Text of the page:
Does this mean that a 3-day live event might be spread over 10 days with a few hours of targeted video programming? In some cases, yes. In fact, we’re working with a client on this exact scenario right now.
Careful analysis of event objectives will drive the amount of time for your event’s agenda and how these bursts of content are delivered. In the virtual world, an audience can lose interest a lot sooner than a live audience.
So, whatever time they spend “at” the event has to be engaging—and coming back—must be a must! But, what is the audience doing with the information in the meantime?
Putting your messaging into practice while away from the event is now something that deserves even more serious consideration, and data collection and analysis can help gauge if your audience is acting on your message.
We share some creative ideas in the next section for staying engaged with your audience while they are away from their screen.
Where should you look to monitor event engagement among your audience in real-time?
Paying attention to social activity outside of what you directly control as an event producer can provide information on how deeply the messages are connecting with your participants.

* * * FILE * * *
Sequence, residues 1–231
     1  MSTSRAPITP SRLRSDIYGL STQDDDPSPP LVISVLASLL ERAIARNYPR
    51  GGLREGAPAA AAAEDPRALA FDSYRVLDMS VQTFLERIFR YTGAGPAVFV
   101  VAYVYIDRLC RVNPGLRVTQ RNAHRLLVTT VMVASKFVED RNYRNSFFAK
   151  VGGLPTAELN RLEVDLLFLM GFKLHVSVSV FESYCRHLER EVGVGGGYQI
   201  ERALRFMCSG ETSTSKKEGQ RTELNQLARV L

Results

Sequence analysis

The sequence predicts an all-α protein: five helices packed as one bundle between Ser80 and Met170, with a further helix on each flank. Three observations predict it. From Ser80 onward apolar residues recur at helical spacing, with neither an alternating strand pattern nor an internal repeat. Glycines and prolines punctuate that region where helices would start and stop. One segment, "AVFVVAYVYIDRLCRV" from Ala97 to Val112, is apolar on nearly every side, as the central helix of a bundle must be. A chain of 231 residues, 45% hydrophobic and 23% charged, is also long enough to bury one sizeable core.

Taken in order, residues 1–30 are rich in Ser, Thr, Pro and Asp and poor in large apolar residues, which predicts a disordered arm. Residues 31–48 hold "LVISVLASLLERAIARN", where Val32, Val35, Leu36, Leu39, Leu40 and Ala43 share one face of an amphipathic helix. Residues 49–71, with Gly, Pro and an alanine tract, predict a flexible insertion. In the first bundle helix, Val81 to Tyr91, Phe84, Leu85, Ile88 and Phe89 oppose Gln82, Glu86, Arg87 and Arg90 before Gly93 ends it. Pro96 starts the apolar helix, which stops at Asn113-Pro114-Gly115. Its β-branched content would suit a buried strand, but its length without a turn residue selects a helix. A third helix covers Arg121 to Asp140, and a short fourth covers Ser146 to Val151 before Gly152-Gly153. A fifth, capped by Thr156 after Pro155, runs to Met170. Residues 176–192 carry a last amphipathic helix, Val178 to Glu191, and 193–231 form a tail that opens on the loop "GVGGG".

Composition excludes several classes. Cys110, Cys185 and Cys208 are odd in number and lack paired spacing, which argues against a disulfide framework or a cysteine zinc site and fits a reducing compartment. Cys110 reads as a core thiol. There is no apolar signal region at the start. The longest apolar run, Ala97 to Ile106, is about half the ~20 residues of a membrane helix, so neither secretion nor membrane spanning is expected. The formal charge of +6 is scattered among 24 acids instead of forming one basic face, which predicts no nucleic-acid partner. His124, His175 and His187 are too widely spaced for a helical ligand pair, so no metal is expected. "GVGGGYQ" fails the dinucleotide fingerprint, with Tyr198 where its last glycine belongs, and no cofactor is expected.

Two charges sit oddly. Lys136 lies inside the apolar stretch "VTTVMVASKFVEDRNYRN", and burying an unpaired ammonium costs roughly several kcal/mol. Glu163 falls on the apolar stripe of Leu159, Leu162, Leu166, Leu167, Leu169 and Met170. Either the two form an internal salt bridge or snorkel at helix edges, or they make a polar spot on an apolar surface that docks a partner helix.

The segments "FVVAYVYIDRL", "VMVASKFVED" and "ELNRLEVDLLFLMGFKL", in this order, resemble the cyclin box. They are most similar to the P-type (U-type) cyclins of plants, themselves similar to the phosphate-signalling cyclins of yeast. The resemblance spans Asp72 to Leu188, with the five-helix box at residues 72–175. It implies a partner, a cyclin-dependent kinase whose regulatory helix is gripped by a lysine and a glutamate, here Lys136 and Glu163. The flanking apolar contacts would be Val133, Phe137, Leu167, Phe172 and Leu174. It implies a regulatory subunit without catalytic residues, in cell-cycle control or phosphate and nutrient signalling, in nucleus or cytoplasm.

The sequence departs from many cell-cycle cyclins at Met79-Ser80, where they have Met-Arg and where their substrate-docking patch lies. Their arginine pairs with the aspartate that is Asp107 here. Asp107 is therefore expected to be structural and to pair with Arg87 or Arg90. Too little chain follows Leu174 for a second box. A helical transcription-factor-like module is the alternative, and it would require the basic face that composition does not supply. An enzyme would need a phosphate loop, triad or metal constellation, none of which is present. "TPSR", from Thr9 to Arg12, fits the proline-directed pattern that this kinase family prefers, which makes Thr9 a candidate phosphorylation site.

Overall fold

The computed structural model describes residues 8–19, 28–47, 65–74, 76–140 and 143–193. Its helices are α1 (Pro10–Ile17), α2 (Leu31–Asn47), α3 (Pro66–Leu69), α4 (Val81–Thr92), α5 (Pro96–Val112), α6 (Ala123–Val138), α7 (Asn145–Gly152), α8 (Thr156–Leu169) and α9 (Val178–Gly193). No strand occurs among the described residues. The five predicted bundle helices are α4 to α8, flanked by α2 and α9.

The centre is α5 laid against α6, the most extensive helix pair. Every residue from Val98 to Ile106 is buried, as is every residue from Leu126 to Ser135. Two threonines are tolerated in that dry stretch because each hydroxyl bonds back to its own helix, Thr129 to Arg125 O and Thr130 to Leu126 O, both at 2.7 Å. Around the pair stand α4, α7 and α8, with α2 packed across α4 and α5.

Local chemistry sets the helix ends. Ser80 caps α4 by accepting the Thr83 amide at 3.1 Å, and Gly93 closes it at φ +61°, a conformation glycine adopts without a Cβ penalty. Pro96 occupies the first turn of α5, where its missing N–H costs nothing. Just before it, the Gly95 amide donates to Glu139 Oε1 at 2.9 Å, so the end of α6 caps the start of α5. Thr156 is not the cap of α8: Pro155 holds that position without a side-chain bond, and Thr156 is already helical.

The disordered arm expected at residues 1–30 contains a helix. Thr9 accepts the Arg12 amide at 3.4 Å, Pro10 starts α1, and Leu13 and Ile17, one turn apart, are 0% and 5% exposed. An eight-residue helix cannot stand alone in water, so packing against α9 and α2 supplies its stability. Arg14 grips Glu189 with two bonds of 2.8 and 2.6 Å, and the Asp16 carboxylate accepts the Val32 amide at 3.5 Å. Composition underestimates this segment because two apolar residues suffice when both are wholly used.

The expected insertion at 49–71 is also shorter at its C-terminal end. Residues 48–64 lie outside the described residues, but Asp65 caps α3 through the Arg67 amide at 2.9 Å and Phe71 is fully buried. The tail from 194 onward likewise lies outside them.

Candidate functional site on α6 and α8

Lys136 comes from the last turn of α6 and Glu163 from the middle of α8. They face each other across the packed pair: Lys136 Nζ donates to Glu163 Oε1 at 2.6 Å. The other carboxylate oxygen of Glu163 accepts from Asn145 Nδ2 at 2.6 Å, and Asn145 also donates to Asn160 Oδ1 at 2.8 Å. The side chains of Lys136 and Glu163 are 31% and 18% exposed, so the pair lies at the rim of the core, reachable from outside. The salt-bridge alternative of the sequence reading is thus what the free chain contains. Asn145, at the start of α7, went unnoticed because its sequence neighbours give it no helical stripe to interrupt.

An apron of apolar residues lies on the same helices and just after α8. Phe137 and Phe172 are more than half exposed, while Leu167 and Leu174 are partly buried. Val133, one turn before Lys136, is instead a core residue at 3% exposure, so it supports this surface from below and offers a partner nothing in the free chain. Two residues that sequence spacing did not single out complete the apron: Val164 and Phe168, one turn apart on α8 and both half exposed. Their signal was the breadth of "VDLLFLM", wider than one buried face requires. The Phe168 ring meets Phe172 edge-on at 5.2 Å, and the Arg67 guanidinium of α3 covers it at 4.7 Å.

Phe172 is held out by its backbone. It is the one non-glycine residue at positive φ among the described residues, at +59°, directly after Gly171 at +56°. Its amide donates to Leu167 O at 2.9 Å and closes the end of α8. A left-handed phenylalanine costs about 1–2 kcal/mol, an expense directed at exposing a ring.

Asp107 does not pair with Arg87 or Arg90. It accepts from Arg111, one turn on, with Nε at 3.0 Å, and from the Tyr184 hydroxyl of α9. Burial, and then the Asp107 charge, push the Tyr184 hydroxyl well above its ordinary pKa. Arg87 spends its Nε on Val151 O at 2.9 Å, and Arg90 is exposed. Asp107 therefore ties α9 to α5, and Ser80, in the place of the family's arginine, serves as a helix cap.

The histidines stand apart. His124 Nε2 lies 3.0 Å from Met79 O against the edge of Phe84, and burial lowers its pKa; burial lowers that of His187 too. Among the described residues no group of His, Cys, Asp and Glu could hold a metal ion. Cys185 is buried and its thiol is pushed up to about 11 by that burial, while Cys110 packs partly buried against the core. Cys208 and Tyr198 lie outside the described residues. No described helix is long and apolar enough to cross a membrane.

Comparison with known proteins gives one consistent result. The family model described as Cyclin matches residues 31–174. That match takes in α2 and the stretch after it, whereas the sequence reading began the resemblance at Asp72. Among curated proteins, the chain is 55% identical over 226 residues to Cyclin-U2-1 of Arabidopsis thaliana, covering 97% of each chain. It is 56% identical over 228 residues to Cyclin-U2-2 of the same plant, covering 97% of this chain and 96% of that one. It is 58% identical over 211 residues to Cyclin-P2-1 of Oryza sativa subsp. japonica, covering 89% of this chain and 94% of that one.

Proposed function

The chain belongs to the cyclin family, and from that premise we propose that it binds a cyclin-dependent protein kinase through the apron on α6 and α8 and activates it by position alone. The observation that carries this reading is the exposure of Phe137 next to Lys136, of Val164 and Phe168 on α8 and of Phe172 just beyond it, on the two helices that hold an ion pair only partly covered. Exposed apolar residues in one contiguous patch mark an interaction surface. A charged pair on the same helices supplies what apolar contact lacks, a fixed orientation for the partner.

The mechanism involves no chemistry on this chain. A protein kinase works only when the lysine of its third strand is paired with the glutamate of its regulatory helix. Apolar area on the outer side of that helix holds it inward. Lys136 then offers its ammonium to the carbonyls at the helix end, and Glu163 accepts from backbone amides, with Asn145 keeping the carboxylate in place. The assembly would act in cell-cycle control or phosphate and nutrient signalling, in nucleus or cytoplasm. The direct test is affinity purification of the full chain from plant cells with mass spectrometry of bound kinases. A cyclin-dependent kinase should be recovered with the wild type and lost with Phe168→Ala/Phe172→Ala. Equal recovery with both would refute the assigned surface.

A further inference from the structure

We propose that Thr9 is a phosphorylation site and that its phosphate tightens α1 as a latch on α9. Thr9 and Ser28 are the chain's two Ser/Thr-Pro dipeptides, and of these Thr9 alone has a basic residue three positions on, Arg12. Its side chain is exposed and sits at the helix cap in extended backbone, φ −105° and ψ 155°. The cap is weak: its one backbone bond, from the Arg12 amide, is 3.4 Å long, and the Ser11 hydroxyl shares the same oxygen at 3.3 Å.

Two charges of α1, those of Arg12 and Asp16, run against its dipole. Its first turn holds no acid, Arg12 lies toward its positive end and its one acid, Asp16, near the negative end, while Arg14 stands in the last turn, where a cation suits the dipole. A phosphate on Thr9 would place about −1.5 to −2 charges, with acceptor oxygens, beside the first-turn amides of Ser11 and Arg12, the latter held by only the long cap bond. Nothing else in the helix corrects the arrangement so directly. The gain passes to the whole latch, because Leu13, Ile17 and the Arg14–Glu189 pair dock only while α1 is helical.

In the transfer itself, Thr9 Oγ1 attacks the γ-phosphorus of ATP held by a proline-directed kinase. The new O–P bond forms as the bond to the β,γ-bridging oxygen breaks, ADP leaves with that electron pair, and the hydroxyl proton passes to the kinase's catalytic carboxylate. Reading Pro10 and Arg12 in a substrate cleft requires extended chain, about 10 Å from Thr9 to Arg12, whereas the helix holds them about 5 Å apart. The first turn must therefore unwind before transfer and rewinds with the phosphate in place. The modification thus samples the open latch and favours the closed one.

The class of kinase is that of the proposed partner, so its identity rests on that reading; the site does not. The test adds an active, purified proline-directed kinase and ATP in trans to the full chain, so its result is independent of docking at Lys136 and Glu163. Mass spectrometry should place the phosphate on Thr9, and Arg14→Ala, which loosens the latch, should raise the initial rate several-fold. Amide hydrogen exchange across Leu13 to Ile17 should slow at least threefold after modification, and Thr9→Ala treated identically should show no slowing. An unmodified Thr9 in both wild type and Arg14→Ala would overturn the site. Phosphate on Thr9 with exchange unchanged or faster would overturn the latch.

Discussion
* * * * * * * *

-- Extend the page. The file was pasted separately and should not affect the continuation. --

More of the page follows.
Creative and data are now a two-way street. Where data used to mostly influence creative ideas, today, we’re developing creative ideas that generate useful data.
We’re currently working with a client that got us thinking about an audience with a high number of millennial attendees, living in big cities, in high-rise apartments.
We know that internet speeds can be a challenge during busier times of the day in these buildings, so we considered several factors when ideating on how to best deliver certain content—specifically with time of day in mind. For a portion of the experience, we landed on delivering content as a podcast which also provided a great reason for the attendee to get outside and take a socially distanced walk.
The content is crafted in the form of a “city tour” with the listener looking for visual cues to associate with a messaging point. This form of learning through visualization was perfect for the client’s subject matter with the added benefit of the audience being reminded of the point every time they returned to that location.